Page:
If you’re an entrepreneur and you’ve never been ‘people watching’, then start up blog strongly recommends a session. For a lot of reasons it’s a cool thing all entrepreneurs should do. For one, all our revered entrepreneurs are champion trend spotters. And they spot these trends a long time before they are reported in the Sunday newspaper lift outs.
Go some where busy, go somewhere where there are zillions of transactions, go somewhere sans commerce, go where families hang out, go somewhere singles hangout, look for the subgroups, watch people looking at shelves in stores – guess their decision process, see if this process is the same for all or different for all, see what they wear, see how they move, how did they get there, where are they from, bring a notepad with you and write down ideas, go places you’ve never been before…. Watch people, guess their motivations, view their life in action and then we’ll be the ones gaining life experience…. Just go and watch.
The funny thing about our world is that we are all in it every day, but very few of us are actually paying any attention to it. Step off the stage and become the director. Make it a habit to pay attention to what is going on in our world.
As entrepreneurs and marketers we are lucky. We can do our homework everywhere we go, and our start ups are the key beneficiaries.
You need more industry experience
You need to have experience managing a team
It’s out of my control
We care, we’re listening
We have a sustainable perspective
Our interests are aligned
People are our most important asset
Open plan is for open communication
We have a long term strategy
We serve our shareholders first
We put our customers first
We put our employees first
We have a lot of first places… ?
We make stuff up so we can justify the money we extract from something we don’t own.
Make your startup the antithesis of this – mean what you say.
I noticed this morning that a particular area of my box hedge isn’t growing as well as other areas. See the two photos below.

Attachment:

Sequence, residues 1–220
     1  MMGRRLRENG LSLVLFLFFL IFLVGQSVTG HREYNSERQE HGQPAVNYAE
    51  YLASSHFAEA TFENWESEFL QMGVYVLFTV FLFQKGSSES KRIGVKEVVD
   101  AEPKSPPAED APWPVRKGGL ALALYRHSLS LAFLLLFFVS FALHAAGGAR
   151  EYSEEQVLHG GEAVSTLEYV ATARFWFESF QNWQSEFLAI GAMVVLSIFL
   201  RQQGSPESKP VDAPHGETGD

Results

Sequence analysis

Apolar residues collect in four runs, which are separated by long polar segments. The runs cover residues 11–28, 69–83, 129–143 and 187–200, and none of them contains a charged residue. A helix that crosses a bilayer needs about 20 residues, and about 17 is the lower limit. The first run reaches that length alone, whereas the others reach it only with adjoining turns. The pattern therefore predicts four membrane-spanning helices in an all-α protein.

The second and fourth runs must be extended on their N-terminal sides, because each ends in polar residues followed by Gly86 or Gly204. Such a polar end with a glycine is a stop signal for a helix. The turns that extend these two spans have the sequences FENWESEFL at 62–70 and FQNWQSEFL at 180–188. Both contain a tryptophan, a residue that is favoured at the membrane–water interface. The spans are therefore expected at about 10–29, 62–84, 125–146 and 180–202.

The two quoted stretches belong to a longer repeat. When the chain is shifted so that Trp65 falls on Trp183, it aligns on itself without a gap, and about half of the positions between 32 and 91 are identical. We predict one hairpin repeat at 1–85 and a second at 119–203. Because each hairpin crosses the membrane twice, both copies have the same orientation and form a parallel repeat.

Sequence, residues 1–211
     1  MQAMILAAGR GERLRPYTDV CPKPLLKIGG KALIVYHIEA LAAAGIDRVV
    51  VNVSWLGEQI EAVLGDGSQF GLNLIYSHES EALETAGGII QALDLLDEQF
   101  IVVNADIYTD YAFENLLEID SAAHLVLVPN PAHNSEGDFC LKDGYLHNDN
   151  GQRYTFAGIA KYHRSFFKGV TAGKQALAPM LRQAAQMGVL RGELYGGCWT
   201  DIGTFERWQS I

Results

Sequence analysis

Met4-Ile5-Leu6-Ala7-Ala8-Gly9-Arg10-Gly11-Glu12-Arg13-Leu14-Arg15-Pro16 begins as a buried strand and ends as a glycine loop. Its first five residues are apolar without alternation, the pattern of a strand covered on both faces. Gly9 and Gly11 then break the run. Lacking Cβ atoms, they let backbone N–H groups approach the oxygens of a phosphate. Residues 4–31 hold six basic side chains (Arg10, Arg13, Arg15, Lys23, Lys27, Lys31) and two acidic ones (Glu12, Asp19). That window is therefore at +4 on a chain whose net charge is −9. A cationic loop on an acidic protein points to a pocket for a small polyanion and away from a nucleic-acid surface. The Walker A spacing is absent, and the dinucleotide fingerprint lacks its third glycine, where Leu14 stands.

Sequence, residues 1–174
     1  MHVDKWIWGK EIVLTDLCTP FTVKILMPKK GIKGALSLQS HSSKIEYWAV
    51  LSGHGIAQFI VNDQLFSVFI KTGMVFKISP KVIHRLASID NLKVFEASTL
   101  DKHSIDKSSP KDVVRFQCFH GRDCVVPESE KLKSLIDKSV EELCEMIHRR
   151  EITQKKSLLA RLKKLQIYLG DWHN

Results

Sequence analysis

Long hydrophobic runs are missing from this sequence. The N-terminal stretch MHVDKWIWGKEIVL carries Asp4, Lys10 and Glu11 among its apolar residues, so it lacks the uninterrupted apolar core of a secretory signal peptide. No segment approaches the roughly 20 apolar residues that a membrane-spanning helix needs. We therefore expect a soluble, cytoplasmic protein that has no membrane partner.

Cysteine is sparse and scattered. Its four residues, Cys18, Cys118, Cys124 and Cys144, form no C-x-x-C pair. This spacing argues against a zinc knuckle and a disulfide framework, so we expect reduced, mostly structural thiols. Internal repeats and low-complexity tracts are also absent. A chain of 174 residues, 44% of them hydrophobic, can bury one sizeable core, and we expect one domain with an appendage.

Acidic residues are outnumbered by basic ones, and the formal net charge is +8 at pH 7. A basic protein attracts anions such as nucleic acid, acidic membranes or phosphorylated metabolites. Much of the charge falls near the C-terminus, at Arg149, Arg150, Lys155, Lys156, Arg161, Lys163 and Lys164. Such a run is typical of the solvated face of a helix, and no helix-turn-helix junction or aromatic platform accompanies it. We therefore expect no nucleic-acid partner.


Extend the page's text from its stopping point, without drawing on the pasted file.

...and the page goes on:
In order to remedy the situation I thought about what the different things I could do:
- Ensure the poor performing area was getting enough water
- Make sure the soil wasn’t poisoned in that particular area of the garden
- Remove the weeds from the periphery
- Add some fertiliser to the struggling area
- Aerating the soil with a hoe
- Ensure the area is getting enough sun
In fact, I’ll try the methods above. What I wont do is ‘remove’ the box hedge. I really need it because it forms part of the garden perimeter. It provides the required symmetry. It’s an integral part of the garden. I will give it the extra attention it deserves, and talk to it. I won’t pretend it will fix itself, because I know that is just a fantasy.
So, why do we take the opposite view with our staff / employees or business partners? We rarely ask first what we can do, and most often just ‘cut them out’, get rid of them, or even chastise their performance, before we look at the reasons for it. Maybe they:
- Aren’t getting enough cash to do their part?
- Maybe their part of the organisation has structural issues?
- Maybe they have non functional ‘hangers on’ stealing time & resources?
- Maybe we need to invest in some training or programs to boost the area?
- Maybe we need to give them more space & freedom to perform?
- Maybe we are not providing enough reward & recognition?